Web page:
Due to gait problems, increased risk of falling, and variable response to dopaminergic medications, the patients may have performed below their real level of exercise. Those with more severe PD would also likely have had less reproducible measurements during the 6MWT test based on wider motor fluctuations.
One strength of the study is that it is the first to have investigated, in a single study, exercise tolerance and oxygen saturation during exercise as well as at night. Another strength of the study is that n = 55 could be considered a relatively good number of patients with a high number of neurological and respiratory measurements at the same time. All participants, with different disease severity, were well characterized, and all were receiving optimal medical management, especially regarding postural stability [53].

4.2. Clinical Implications

Healthcare personnel should pay careful attention to the threefold relationship between exercise tolerance and nocturnal and exercise desaturation, and consider the common opportunity of motor (activation, deconditioning, straight, training) and respiratory rehabilitation programs (oxygenation, nocturnal CPAP, cough assisted devices). The complexity of PD disability will be cared for a multidisciplinary manner obtaining synergic and multiplicative effects. Simple evaluations designed to asses respiratory muscle function, exercise desaturation, and nocturnal desaturation can permit an individualized approach in progressively neurological diseases such as PD.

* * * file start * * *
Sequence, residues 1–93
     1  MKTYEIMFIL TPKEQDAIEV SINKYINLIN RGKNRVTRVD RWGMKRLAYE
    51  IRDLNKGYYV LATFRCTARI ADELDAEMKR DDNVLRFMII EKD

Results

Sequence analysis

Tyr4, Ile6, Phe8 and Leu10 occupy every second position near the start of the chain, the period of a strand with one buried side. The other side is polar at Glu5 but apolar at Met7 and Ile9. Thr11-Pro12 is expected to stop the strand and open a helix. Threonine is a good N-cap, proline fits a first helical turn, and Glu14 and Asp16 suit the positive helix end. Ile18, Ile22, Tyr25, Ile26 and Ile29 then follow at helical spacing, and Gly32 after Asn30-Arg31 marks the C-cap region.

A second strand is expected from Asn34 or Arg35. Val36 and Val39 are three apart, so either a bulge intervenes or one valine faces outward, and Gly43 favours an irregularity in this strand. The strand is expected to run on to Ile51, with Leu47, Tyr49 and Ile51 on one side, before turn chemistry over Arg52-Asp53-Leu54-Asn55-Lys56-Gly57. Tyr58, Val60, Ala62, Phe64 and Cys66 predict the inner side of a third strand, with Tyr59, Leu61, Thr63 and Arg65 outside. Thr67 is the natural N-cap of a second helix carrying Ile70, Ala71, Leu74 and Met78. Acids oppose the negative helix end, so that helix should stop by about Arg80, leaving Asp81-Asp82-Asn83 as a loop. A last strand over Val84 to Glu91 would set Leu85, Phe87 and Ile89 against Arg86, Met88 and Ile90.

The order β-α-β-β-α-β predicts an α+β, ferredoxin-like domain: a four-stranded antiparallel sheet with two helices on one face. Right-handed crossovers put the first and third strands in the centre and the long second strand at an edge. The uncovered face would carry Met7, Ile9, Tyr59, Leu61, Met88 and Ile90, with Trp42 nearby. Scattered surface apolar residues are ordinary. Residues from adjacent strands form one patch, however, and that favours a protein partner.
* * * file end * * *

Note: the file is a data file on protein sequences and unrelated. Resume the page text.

5. Conclusions

In PD patients, exercise tolerance, exercise-induced desaturations, and nocturnal desaturations are below normal in 96%, 21.8%, and 12.7% of patients, respectively, and the severer the disease, the more compromised the values are. Hence, not only do comorbidities, age, nutritional status, high disability, and reduced respiratory function have an influence on exercise tolerance, but exercise-induced and nocturnal mean oxygen saturation seem to play a role as well. Nocturnal and exercise-induced mean saturation levels would appear to be interrelated. Therefore, exercise and physical activity prescription in PD needs special attention regarding the oxygen desaturation component. This suggests considering a combined role for motor and respiratory rehabilitation in these patients.

Supplementary Materials

The following are available online at, Table S1: Spearman correlations of Motor ADL, Motor function, and Exercise tolerance with all other variables.

Author Contributions